Mr. Trump has proved Scrooge-like when it comes to doling out formal interviews (the major broadcast networks and CNN have not sat down with him in nearly a year), and his last White House news conference was in February — of 2017.
His patience for rigorous interviews is thin, and he prefers cozier interlocutors like Jeanine Pirro of Fox News or Mr. McGuirk of WABC, a former Don Imus executive producer and on-air sidekick who, on Friday, praised Mr. Trump’s speeches as “beautiful, wonderful, fantastic, funny, relaxed.”
Mr. Trump did manage to make some news during the segment: He let slip that he was “pretty unlikely” to attend this year’s White House Correspondents’ Association Dinner, the clubby black-tie gathering that presidents had attended for decades.
Mr. Trump’s absence from last year’s dinner was the first presidential no-show since Ronald Reagan, ailing from a gunshot wound, skipped it in 1981. (The Gipper called in from his hospital bed.) There was buzz around a Trump appearance at this year’s event after he delivered a monologue at the Gridiron Club gala in March, but that event was not televised. The correspondents’ dinner is carried live by some cable networks, and the optics of Mr. Trump’s hobnobbing with the journalists he routinely derides may be off-brand.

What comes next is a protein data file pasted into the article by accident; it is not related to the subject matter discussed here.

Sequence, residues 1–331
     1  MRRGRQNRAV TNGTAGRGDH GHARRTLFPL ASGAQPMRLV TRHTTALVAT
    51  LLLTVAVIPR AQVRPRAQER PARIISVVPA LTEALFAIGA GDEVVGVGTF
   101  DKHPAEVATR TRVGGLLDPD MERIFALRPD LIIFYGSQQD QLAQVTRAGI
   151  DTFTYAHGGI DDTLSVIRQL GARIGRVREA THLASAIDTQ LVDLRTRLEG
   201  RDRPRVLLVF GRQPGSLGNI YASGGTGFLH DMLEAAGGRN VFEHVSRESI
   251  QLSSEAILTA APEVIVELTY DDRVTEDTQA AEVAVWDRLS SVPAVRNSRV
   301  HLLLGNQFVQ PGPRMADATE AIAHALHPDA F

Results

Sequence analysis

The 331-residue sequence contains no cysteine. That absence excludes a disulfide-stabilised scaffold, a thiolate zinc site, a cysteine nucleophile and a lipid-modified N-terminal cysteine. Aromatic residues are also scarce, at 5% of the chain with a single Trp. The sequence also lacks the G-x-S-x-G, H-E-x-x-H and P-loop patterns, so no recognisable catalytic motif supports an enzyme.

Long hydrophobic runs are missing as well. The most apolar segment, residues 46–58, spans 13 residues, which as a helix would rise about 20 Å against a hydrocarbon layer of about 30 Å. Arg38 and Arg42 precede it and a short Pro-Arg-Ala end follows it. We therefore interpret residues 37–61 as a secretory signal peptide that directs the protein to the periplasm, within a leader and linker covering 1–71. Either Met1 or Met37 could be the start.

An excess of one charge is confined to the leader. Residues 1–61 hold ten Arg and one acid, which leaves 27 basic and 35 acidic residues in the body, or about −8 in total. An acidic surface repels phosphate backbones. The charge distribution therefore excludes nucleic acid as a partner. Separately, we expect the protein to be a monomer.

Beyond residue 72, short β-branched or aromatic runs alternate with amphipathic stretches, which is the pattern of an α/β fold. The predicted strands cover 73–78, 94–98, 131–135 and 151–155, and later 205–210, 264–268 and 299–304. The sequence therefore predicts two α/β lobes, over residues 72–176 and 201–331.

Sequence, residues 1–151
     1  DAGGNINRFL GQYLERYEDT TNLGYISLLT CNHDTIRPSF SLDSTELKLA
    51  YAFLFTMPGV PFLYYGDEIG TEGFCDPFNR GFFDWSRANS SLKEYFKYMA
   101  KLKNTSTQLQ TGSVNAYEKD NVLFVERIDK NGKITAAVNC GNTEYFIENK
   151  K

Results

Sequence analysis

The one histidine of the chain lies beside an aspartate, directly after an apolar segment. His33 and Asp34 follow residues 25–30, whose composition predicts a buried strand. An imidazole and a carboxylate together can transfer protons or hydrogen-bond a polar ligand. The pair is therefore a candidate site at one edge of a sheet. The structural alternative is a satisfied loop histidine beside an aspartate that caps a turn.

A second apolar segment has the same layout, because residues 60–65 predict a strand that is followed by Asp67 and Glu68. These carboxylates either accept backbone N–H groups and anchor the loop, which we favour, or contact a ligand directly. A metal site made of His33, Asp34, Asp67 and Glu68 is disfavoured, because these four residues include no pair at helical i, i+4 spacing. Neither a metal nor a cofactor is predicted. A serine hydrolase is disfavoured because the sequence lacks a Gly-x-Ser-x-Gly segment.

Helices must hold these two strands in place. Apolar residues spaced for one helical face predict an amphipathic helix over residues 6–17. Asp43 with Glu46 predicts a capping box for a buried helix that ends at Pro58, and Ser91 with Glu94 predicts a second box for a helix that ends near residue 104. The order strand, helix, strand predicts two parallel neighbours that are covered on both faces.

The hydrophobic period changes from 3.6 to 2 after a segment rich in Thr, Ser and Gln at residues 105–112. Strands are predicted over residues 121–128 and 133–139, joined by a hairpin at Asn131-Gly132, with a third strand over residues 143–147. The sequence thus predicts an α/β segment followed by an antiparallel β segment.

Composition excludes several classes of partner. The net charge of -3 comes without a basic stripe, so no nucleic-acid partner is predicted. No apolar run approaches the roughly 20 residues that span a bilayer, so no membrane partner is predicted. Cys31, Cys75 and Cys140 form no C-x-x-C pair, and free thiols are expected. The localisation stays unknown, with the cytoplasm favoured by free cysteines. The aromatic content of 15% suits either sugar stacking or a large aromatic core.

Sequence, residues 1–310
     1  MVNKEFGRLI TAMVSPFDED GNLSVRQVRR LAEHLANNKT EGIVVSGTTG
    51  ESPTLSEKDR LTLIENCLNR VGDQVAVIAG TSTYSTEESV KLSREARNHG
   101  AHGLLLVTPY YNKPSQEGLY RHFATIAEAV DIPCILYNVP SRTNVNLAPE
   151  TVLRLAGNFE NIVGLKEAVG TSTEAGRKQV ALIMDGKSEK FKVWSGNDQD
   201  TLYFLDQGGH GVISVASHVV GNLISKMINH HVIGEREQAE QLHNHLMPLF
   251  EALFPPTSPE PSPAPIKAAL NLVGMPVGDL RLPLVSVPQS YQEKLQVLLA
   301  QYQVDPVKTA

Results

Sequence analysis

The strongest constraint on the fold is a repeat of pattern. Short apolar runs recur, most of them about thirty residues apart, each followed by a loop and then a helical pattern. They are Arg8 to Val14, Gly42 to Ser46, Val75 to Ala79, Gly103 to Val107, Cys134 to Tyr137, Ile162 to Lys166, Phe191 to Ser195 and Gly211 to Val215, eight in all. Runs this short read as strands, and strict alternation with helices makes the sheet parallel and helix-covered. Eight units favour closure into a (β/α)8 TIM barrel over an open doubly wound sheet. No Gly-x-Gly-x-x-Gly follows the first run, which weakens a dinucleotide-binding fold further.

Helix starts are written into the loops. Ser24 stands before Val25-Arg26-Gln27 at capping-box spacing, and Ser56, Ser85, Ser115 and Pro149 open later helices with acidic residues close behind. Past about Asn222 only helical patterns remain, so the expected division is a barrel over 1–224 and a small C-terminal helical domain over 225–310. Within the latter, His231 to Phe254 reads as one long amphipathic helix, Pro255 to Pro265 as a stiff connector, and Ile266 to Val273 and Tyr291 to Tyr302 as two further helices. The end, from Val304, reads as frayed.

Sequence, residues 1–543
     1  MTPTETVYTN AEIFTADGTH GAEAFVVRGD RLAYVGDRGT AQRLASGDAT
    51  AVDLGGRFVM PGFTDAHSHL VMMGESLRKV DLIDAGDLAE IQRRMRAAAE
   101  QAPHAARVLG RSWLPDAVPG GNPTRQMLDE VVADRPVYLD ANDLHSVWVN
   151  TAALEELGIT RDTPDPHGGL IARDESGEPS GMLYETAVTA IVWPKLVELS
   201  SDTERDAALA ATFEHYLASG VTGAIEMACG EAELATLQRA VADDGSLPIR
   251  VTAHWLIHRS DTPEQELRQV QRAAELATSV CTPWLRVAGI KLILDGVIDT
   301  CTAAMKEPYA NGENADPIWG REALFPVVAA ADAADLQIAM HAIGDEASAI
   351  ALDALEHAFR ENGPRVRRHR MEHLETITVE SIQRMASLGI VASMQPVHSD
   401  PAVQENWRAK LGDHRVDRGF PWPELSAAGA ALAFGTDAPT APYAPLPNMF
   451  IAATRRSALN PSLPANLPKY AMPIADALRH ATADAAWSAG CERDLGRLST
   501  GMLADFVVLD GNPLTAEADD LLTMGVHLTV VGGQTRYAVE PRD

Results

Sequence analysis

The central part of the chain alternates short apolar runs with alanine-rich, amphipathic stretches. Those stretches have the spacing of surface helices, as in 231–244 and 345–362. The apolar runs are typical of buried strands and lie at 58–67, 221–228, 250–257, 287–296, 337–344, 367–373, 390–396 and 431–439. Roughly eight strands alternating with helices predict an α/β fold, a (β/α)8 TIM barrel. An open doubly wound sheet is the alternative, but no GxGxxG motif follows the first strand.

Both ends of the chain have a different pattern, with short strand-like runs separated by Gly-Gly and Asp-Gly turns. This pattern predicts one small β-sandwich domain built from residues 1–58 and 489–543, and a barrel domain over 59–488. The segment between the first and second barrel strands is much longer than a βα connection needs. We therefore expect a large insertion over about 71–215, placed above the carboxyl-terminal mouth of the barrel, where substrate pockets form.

“The White House has informed us that the president does not plan to participate in this year’s dinner but that he will actively encourage members of the executive branch to attend,” Margaret Talev, president of the White House Correspondents’ Association, said in a statement on Friday.
The White House press secretary, Sarah Huckabee Sanders, plans to appear in Mr. Trump’s stead.
On WABC, Mr. Trump showed no sign of détente with the press. In fact, he laced into the White House press corps, calling it “so bad, it’s so fake, it’s so made-up.”
“They’re like novelists,” the president said, who offered no evidence for his claim. “I call them novelists. They make up the sources.” He deemed last year’s correspondents’ dinner a “massive failure,” prompting Mr. McGuirk to chime in, “Yes, yes! Definitely!”
When asked for comment on Friday, the White House noted that Mr. Trump had pretaped his radio appearance, rather than calling in live. (A producer at WABC said that Mr. Trump had recorded the interview on Thursday morning.) The president said on the air that he was fond of Mr. McGuirk, who, with his co-host, Sid Rosenberg, started the show last week.
Mr. Trump’s nine-minute appearance on WABC was not exactly an outlier when it comes to high-ranking administration officials making time for local New York programming.
Late last month, Lawrence Kudlow, the president’s chief economic adviser, and Ambassador John Bolton, the newly appointed national security adviser, granted interviews to the same relatively obscure radio show: “The Cats Roundtable,” hosted by the Manhattan oil refinery magnate, supermarket owner and former New York City Republican mayoral candidate John Catsimatidis.
So will the president be appearing on the “Roundtable” soon?
“I have not asked yet,” Mr. Catsimatidis wrote in an email, although he added, “He did do pre-election.”